What Are Cloves Used For?

What Are Cloves Used For

Clove is a spice widely used in cooking, of Asian origin. The name is given by the fact that this spice resembles the carnation but in fact it is the dried bud of the Eugenia caryophyllata plant, a tree very common in the East.

For centuries it has been at the center of the spice trade coming from the far away Moluccas islands in Indonesia. Cloves contain flavonoids, tannins, triterpenes and volatile compounds including eugenol, a basic component of the essential oil and responsible for the analgesic power of this spice.

Since ancient times cloves were used for their analgesic properties, being most used for the treatment of toothache and for soothing skin inflammations. Today this spice is widely used in cooking and enjoys true healing properties.

The properties of clove

Cloves enjoy several properties: they are good for the digestive system, they are excellent natural pain relievers and have antibacterial action. Let’s see now all the benefits of this spice.


The anti-inflammatory properties of clove have been known for centuries. This benefit is given by the flavonoids they contain.


Cloves enjoy excellent anesthetic properties, which is why they are often used as a natural remedy against toothache, applying them directly to the painful part or by gargling

Digestive System Benefits
Cloves improve the ability of food to pass through the intestines, without creating toxin buildup.

The antimicrobial benefits of cloves have been known for centuries, so much that ancient Egyptians used them to embalm corpses and prevent the growth of harmful fungi and bacteria. Today, infusions of this spice are used to combat skin fungus, often combined with thyme and coriander.

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Cloves help overcome exhaustion and headaches by stimulating blood circulation. For this reason, cloves are considered good aphrodisiacs.


Cloves are rich in antioxidants and therefore counteract the aging of the skin and the excess of free radicals, phenomena at the base of many modern diseases, especially those of an inflammatory nature, but not only.

They preserve foods

Cloves have another interesting property: they help preserving foods for a longer time. This is thanks to their ability to hinder the oxidation process of fats, making sure that foods can keep their freshness and nutritional characteristics longer.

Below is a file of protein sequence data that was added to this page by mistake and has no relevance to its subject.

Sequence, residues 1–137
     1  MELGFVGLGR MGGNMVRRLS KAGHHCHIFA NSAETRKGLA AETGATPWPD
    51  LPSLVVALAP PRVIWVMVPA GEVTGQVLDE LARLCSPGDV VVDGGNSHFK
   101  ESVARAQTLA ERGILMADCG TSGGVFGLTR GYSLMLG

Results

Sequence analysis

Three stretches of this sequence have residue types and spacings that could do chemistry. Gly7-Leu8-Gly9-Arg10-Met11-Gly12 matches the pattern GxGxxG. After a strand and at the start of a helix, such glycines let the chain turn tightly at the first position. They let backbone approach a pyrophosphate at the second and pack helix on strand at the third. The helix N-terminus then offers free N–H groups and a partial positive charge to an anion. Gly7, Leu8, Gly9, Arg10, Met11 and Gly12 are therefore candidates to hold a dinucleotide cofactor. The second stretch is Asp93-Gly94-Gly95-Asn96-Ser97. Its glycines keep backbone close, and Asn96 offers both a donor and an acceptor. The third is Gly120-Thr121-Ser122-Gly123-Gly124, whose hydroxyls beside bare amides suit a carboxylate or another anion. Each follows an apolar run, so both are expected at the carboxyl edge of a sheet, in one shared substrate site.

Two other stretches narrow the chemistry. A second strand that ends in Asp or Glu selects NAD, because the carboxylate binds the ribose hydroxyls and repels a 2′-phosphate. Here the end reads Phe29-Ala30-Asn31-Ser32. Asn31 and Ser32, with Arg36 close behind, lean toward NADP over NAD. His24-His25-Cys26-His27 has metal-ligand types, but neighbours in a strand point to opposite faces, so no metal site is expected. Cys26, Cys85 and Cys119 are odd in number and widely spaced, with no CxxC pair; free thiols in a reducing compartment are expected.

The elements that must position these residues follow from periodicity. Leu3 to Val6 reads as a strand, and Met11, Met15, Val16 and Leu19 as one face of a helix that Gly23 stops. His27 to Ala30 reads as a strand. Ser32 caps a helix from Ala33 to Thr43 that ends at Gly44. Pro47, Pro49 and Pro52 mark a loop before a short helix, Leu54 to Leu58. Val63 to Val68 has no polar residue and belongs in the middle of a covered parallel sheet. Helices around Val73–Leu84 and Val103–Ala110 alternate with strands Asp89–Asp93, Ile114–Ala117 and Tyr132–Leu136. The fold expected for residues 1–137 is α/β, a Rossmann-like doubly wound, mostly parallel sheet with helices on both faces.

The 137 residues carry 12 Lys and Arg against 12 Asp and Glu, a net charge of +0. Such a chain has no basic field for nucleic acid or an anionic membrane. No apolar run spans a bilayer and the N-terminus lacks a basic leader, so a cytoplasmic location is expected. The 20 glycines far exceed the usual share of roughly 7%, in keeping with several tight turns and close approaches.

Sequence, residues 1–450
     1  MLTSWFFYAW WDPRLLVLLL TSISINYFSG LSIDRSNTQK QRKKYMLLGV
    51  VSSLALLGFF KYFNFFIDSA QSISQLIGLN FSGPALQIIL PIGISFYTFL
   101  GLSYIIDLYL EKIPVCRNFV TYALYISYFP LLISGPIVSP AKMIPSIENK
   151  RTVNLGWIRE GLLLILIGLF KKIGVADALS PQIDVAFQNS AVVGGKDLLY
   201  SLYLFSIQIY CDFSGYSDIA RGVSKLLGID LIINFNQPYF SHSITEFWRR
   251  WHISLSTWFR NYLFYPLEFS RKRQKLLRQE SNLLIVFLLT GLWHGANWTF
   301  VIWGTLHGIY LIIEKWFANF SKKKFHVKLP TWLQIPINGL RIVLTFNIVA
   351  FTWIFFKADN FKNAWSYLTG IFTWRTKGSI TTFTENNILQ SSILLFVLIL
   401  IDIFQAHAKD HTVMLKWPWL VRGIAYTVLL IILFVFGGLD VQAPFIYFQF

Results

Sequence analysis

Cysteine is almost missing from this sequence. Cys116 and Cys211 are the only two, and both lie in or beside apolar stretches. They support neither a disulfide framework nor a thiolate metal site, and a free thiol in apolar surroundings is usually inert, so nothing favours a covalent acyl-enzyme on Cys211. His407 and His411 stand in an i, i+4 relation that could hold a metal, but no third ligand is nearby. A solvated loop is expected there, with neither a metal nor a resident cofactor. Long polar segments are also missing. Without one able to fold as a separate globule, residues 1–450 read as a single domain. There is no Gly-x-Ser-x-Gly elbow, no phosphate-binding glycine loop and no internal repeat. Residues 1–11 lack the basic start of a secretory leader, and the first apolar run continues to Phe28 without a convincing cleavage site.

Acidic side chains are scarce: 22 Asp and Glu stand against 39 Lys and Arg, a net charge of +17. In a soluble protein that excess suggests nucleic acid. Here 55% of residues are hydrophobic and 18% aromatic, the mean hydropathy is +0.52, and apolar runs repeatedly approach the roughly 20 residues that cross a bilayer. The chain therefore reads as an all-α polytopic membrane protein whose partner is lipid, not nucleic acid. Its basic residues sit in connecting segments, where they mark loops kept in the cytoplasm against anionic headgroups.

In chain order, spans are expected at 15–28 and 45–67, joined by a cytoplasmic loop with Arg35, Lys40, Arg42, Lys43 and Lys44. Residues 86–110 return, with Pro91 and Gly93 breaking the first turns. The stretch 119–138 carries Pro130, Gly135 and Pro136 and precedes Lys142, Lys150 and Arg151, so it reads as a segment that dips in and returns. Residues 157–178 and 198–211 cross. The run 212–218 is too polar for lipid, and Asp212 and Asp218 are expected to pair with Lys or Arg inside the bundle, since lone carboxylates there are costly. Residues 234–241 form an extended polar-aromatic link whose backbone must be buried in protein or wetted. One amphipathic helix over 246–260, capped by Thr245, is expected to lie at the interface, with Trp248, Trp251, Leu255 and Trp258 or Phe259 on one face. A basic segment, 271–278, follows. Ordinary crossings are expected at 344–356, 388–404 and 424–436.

A few tips on how to use cloves

How to use cloves in cooking

In cooking this spice is often used as an accompaniment to meats, seasoned cheeses and some vegetables. In this case add few cloves in the seasoning. They are also very used for aromatizing wines, liquors and sweets.

Cloves for therapeutic purposes: medicinal properties

Besides being used in cooking, cloves are also very useful in herbal medicine. For this purpose, it is generally used as herbal tea, mother tincture or essential oil. Let’s see how to use it in these three ways:

  • Herbal tea: infusion of cloves is used to mitigate nausea, indigestion and intestinal troubles. The suggested dosage is of 1 or 2 nails every 150 ml of hot water. For digestive problems cloves can be combined with other carminative spices, such as ginger, anise or cumin;
  • Mother Tincture: as an alternative to the infusion, in order to benefit from the qualities of this spice, it can be used the mother tincture to be taken 30 drops in little water 3 times a day (except different indications by the doctor or herbalist);
  • Essential Oil: essential oil of cloves is a valid ally against viruses and mycosis, moreover it has an effective anesthetic action.
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Other Uses of Cloves

If put in closets in aromatic bags, cloves will keep moths away, as well as if put in a small container in kitchen pantries will keep away food moths. Cloves, combined with lemon, if placed on the windowsill will help keep flies away.

Contraindications, Side Effects and Interactions

Avoid use in late pregnancy. Do not use in case of ulcer or hypersensitivity to one or more of the components. At high doses, Clove Essential Oil is toxic to the liver and nervous system. Do not apply pure essential oil on gums and skin as it can be irritating, it is better to dilute it with a neutral vegetable oil (for example Almond Oil)

Elly Blunt
Hey, I’m Elly. Let me introduced myself a little bit. I am a foodie who loves trying out new cooking techniques and tools. I addicted to meal preparation kits and tasting different cuisines.